Roboticised culture and hard-edged sexuality are evidently prevalent in the science fiction and cyberpunk world. Ghost in the Shell shares that peculiar tendency in many adult animations to give us women who are both strong protagonists and almost continuously nude. However, like Cadora suggests, the literary manifestations of cybernetics often fail to represent female body-relates issues, despite the promise of what the figure of the cyborg seems to offer.

Kusanagi in Ghost in the Shell (1995)

Ghost in the Shell is dominated with Kusanagi’s profound humanist crisis concerning her cybernetic construction and what it suggests about her identity and humanity. The ability to transform the material body into something akin to coded information makes it more amenable and vulnerable to social control. Kusanagi expresses her concerns that her cybernetic shell and auxiliary computer brain is technically not owned by her. This is similar to the Japanese Gunslinger Girl, in which young female cyborg-assassins have been brainwashed to serve positions of authority and are a part of a larger system of control. Katherine Hayles wrote in How We Became Posthuman (1999) that “when bodies are constituted as information, they can not only be sold but fundamentally reconstituted in response to market pressure.” This is seen when Kusanagi sails down a canal and observes two doppelgängers of herself. The first is a woman in a coffee shop and the second is a naked mannequin, both with identical faces to hers. Since she is created by a corporation and almost entirely owned by the government, it becomes clear that there are multiple editions of her body that exist in commercial and cosmetic sectors.

“Not only does the embodiment of advanced technology question gendered-identity but also ethnic-identity" – Kate McIlwee

Kusanagi’s ‘liberating’ cyborg body confuses and obscures her sense of identity and ‘uniqueness’. This echoes Kumiko Sato’s claim in her essay How Information Technology Has (Not) Changed Feminism and Japanism: Cyberpunk in the Japanese Context (2004), arguing that amidst the evolution of technology, Japan seeks to retain its uniqueness and re-connect with its old ties – i.e. seeking ‘Japanism’ and reconceptualising a non-Western form of modernity. Not only does the embodiment of advanced technology question gendered-identity but also ethnic-identity. Kusanagi’s reflection of her identity mirrors a reflection of Japanese identity – where tensions between uniqueness and re-constituted modern technology are present. Further to this, many critics have commented on the Western appearance of Kusanagi and the remake of the anime – where they ironically casted a Western Scarlett Johansson as Kusanagi – implying that corporeal ideals and technology are largely caught up in a constituted Western identity. Technological progress is changing our conceptual modes of thinking and learning, but there are ethnic and racial differences in ‘our’ conceptual modes of thinking. A drawback in the cultural studies and cyberfeminist theories around these human-machine interfaces is the tendency to categorise an entirety of humanity without deliberate examination of cultural diversities encompassing technological progress.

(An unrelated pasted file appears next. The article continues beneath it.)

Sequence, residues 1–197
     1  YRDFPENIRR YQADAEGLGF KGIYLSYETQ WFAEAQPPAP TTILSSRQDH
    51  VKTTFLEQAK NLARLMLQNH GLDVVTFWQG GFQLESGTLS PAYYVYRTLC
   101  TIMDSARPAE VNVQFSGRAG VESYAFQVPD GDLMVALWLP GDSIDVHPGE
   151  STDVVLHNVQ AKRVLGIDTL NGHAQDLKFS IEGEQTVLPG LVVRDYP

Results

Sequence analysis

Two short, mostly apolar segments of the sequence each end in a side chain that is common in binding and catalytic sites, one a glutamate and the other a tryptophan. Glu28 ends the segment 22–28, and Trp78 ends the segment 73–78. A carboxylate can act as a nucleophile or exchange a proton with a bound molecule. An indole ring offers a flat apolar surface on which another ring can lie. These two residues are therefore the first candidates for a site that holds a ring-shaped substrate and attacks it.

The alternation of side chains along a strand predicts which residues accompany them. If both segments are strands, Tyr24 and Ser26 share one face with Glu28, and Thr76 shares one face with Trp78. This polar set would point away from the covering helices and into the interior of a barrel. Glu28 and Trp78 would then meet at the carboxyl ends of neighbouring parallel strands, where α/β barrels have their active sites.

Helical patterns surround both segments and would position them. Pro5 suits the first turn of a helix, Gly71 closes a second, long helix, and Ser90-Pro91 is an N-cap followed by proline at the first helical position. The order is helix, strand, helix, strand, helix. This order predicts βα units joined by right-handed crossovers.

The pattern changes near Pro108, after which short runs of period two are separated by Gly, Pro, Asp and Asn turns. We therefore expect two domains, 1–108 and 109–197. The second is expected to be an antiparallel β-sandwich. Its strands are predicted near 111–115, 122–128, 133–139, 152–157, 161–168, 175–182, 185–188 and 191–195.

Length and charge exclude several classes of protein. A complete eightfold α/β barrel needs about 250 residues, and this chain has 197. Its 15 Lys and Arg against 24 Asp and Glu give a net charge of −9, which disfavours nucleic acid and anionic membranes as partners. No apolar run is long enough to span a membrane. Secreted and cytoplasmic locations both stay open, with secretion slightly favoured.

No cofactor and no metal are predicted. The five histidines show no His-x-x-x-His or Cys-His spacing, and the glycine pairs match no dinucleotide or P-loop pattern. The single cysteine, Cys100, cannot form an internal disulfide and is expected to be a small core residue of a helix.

The character of The Puppet Master, is actually more apt at breaking gender binaries in the figure of the cyborg than Kusanagi. The character is astonishingly beautiful and ethereal, and also alludes any specificity in gender. The only hint to a gender binary is its mission to fuse with Kusanagi to create a new life form. This want to reproduce, perhaps, points towards its possible masculinity. It wonderfully describes itself as a “living, thinking entity who was created in the sea of information.” It is able to mask a singular identity by constantly changing substrates and hacking into the computer brains and bodies of others. The ability to exist immaterialised through cyberspace or through multiple materials could liberate one from corporeal limitations of space, anatomical decay, confinements of gender and identity, and eventually death – which Haraway, among so many critics, hoped for with the cyborg. An exploration on cyberspace in mainstream film is, however, another complex topic for discussion.

The Puppet Master in Ghost in the Shell (1995)

Cultural products such as Ghost in the Shell engage with the notion of cybernetics, helping us come to terms with the evolving fusion between the body and technology. These narratives allow us to work through the fears and desires of a particular historical-cultural moment. Ghost in the Shell uses the figure of the cyborg to offer liberation from biological embodiment, yet it also displays the potential for social control over technologised ways of being. At times, the anime echoes critics of ’techno-euphoric’ cyberfeminism, who see issues with the cyborg’s marketable profit, it’s democratic accessibility, and the role that technology plays in the maintenance of the patriarchy. At other times, the anime reflects Haraway’s theory, arguing that the feminist cyborg challenges gender and ethnic binaries and the ‘grids of control’.